Lesson One: Accountability. The bottom line is voucher schools take public dollars but get to operate by different rules than public schools. In Milwaukee, for instance, voucher schools do not have to publicly release any of their data. They can expel students at will without the public knowing. Nor do they have to hire certified teachers; they don’t even have to hire college graduates if they don’t want. Most disturbing, they do not have to provide the same special education services. In Milwaukee, almost 17 percent of public school students are classified as special ed; the comparable figure for the city’s private schools is about 2 percent.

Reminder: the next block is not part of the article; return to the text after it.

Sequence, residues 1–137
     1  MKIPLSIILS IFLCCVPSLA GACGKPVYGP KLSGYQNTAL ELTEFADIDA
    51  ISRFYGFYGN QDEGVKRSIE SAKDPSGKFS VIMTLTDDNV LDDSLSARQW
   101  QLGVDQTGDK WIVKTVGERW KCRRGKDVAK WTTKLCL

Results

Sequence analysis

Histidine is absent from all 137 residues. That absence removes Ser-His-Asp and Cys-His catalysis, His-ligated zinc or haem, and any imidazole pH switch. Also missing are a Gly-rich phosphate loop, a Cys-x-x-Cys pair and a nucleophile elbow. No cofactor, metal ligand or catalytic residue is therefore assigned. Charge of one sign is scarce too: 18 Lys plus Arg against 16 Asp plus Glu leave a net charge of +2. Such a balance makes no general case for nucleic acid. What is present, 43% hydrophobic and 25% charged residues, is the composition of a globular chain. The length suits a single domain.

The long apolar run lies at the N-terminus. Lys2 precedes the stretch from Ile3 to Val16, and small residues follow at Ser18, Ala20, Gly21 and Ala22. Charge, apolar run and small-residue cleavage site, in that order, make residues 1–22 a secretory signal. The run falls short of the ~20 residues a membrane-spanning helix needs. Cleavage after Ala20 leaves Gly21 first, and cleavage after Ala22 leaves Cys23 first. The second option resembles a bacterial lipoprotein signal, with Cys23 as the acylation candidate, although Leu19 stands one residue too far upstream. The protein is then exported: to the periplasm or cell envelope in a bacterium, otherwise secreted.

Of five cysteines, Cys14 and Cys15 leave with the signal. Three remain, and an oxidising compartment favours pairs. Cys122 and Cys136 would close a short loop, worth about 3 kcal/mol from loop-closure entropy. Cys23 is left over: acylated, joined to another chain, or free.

Lesson Two: Money. Looking at money is the key to understanding the voucher movement. No one denies that rich conservatives bankroll the voucher movement, from the late John Walton of Wal-Mart fame, to the financier Ted Forstmann, to the Lynde and Harry Bradley Foundation (defense contracts), to Richard Mellon Scaife and his family’s foundations (banking and oil money). The list could go on. Equally important, look at the numbers going into K-12 public education — an estimated $455 billion controlled by publicly elected bodies. The private market is drooling to get its hands on more of that money.